Biases are fascinating. The frequency standards, the clocks in GPS satellites, run faster than the clocks in GPS receivers. Oh yes, and the clocks in the GPS receivers are much less sophisticated than the clocks in the satellites. Do you know why? During the trip through the ionosphere, the information on the GPS signal appears to slow, but the wave that carries that information appears to speed up, and the ionosphere affects L2 more than L1. You might find it interesting that when a GPS signal reflects off a surface before it reaches your receiver, this is called multipath, and, believe it or not, it actually has something in common with a billiard ball (as a billiard ball often bounces off several surfaces before finding its way to the pocket). In this lesson, we will also talk about how GPS surveying is done.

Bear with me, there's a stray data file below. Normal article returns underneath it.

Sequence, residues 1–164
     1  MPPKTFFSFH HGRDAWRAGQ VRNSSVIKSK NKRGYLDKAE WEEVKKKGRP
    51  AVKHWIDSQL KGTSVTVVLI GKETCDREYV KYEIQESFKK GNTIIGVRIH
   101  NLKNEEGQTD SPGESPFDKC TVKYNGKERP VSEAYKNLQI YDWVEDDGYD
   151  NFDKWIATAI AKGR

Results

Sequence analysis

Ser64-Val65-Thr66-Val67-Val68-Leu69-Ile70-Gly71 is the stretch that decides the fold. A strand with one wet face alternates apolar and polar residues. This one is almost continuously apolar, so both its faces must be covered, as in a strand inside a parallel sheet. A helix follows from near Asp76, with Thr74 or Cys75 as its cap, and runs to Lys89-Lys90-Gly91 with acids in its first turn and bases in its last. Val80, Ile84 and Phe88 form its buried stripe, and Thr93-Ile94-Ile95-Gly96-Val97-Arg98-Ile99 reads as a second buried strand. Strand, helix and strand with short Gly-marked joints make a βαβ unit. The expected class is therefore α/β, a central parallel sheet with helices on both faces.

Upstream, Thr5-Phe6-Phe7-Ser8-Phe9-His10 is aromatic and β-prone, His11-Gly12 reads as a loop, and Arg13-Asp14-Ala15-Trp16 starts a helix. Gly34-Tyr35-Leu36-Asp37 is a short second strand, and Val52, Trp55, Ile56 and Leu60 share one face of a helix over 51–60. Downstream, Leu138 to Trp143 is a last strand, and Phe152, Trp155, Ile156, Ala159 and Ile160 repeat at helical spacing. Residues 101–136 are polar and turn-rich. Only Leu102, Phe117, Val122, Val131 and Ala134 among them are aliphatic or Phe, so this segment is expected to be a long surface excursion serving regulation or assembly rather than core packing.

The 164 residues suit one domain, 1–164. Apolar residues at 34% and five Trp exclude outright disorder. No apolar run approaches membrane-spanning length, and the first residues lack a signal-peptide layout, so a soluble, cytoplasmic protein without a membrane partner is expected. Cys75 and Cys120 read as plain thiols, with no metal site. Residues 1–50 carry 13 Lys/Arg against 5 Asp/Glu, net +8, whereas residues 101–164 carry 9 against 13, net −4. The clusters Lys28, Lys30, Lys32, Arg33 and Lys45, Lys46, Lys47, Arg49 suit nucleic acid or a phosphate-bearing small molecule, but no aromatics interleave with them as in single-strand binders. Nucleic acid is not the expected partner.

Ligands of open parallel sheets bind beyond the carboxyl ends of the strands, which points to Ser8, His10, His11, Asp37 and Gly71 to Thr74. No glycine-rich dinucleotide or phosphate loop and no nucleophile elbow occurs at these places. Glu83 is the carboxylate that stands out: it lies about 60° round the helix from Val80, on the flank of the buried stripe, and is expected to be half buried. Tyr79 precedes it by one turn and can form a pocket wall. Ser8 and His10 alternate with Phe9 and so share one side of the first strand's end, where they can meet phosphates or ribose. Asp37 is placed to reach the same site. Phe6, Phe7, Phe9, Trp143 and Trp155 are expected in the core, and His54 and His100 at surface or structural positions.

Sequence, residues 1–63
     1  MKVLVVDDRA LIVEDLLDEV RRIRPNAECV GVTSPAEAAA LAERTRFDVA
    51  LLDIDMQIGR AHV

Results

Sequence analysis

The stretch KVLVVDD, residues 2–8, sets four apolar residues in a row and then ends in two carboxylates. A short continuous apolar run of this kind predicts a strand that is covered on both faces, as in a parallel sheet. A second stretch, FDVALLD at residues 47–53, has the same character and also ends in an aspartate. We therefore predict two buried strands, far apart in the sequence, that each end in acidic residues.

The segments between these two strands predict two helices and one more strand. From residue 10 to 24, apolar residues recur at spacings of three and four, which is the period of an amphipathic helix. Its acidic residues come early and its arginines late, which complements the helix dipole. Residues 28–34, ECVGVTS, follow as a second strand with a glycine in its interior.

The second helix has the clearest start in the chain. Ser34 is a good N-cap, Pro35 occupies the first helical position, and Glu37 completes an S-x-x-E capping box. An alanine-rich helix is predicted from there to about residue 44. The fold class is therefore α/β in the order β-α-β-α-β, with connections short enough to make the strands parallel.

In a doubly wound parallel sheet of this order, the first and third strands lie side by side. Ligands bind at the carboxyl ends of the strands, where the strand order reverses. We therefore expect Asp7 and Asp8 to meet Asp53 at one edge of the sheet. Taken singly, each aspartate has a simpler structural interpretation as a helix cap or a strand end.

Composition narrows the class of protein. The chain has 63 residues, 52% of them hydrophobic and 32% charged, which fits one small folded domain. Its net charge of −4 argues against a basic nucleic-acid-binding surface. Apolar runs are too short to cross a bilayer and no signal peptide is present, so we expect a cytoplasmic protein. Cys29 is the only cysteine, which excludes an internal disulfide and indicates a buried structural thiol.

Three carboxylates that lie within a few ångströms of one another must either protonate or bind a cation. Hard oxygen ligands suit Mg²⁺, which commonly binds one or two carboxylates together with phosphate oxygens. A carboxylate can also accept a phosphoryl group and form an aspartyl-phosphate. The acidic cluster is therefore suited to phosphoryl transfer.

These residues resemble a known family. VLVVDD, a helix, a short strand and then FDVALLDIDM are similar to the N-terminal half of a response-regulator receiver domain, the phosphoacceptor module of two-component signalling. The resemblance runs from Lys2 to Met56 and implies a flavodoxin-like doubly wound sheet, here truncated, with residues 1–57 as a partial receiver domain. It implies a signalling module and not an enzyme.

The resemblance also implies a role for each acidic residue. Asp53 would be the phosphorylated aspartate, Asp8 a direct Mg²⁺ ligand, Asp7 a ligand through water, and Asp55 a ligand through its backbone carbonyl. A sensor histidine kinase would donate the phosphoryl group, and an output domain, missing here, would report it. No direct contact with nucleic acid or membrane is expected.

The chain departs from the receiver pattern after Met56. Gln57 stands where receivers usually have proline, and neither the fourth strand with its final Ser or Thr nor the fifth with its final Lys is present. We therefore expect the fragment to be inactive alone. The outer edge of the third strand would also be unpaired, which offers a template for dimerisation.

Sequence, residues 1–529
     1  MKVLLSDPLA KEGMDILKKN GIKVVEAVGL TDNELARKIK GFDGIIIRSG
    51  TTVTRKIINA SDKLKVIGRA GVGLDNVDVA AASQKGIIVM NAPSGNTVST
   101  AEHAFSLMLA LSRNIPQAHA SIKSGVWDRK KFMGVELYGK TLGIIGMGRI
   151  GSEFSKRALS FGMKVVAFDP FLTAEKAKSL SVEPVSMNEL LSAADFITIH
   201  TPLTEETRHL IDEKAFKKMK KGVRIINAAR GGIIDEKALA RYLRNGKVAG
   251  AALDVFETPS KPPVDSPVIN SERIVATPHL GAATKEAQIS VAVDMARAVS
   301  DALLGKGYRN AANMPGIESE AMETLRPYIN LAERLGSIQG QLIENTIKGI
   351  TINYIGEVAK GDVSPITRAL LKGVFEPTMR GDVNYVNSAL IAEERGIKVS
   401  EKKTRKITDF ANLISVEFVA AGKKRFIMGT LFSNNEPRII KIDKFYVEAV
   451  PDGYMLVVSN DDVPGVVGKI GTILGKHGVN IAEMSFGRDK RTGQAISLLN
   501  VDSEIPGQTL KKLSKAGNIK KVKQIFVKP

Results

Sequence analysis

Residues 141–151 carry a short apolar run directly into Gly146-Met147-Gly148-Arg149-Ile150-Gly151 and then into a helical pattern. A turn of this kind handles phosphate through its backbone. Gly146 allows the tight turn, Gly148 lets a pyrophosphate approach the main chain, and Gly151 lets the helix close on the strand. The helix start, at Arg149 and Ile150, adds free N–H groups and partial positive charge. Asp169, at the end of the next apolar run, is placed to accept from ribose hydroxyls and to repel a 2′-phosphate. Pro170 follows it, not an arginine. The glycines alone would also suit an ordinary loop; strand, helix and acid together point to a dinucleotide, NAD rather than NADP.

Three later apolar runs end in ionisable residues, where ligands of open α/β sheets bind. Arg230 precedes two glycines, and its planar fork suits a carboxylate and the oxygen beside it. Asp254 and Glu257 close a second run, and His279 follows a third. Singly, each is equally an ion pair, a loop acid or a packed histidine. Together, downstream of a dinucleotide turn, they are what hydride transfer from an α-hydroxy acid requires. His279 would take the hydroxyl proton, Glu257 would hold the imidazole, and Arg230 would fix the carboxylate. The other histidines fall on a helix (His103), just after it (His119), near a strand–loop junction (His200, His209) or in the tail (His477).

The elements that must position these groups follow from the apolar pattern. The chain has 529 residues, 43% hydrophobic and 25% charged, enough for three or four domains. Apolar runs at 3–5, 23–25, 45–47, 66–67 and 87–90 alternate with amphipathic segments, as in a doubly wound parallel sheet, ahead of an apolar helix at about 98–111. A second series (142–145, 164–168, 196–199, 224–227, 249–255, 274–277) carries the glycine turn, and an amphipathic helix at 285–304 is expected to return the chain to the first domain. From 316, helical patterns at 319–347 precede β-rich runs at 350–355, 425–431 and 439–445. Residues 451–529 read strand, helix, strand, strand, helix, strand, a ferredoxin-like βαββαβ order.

At the successful completion of this lesson, students should be able to:
- demonstrate biases and solutions;
- explain the error budget;
- explain the biases in the observation equations;
- describe user equivalent range error;
- identify the satellite clock bias, dt;
- define the ionospheric effect, dion;
- recognize the receiver clock bias, dT;
- describe the orbital bias;
- explain the tropospheric effect, dtrop ;
- identify multipath;
- recognize differencing;
- differentiate between classifications of positioning solutions;
- discuss relative and autonomous positioning; and
- recognize the benefits of single, double and triple differencing.
If you have any questions now or at any point during this week, please feel free to post them to the Lesson 2 Discussion Forum. (To access the forum, return to Canvas and navigate to the Lesson 2 Discussion Forum in the Lesson 2 module.) While you are there, feel free to post your own responses if you, too, are able to help out a classmate.